Central banks, including the U.S. Federal Reserve, monitor fiscal policy and inflation from year to year and have an optimal inflation rate of 2% per year. Depending on how fast inflation rises, the Federal Reserve adjusts its monetary policy year in correlation.

The Federal Reserve has the authority to change federal interest rates from year to year. Lower interest rates put more cash into the market, which makes inflation rise. Why? Because when lenders offer lower interest rates, borrowers are more likely to seek loans and put more money into the economy.

Cutting interest rates benefits borrowers, but maintaining a low annual inflation rate has a different type of benefit: it helps the exchange rate and makes U.S. currency more valuable overseas. This helps to maintain a balance of international trade and spur economic growth.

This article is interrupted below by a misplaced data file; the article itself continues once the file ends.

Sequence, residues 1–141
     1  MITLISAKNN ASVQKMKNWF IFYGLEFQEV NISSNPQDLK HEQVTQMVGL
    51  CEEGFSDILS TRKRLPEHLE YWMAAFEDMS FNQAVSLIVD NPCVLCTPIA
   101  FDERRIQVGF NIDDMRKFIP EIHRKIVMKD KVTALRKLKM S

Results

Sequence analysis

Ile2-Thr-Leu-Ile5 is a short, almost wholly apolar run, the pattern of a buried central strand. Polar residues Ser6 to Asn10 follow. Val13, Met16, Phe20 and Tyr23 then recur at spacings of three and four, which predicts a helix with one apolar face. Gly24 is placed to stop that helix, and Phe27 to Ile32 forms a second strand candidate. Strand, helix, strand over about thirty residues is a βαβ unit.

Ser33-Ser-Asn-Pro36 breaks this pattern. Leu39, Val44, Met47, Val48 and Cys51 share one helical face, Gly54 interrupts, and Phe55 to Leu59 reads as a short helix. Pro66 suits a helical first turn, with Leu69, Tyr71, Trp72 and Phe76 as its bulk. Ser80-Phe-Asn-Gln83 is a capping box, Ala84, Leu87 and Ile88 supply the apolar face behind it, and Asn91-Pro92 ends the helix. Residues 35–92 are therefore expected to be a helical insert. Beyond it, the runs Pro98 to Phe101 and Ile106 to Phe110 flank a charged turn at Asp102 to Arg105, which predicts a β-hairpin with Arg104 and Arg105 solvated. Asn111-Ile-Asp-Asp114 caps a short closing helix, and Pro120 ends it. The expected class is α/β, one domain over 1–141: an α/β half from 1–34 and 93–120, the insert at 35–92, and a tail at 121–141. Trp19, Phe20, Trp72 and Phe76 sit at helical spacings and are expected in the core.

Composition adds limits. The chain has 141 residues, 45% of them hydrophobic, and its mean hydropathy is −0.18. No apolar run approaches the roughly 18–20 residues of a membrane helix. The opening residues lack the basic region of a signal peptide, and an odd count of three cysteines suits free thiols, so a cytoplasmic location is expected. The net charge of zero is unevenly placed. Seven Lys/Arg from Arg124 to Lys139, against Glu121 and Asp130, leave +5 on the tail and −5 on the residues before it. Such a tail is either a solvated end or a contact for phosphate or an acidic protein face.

In the U.S., we have countermeasures to combat the effects of hyperinflation. In countries with banking systems that do not combat inflation, high inflation rates reduce tax revenues, increase government expenditures, and cause bigger government budget deficits.

The bottom line is this: you are powerless against the inflation rate or inflation tax. But you can control how and where you put your money to avoid it as much as possible.

See also: The Complete Guide to Physician Retirement Planning

Develop a Diversified Retirement Savings and Investment Strategy

Diversified Retirement Savings and Investment Strategy
To combat the inflation tax, you’ll need to create a diverse investment strategy for your retirement. But there’s more to retirement planning than merely investing in 401ks and IRAs.

While those are excellent ways to save for your future, there are other ways to protect your retirement income against inflation.

Invest in Stocks, Bonds, and Commodities

Investing in stocks and commodities is one of the best ways to protect your assets against the inflation tax.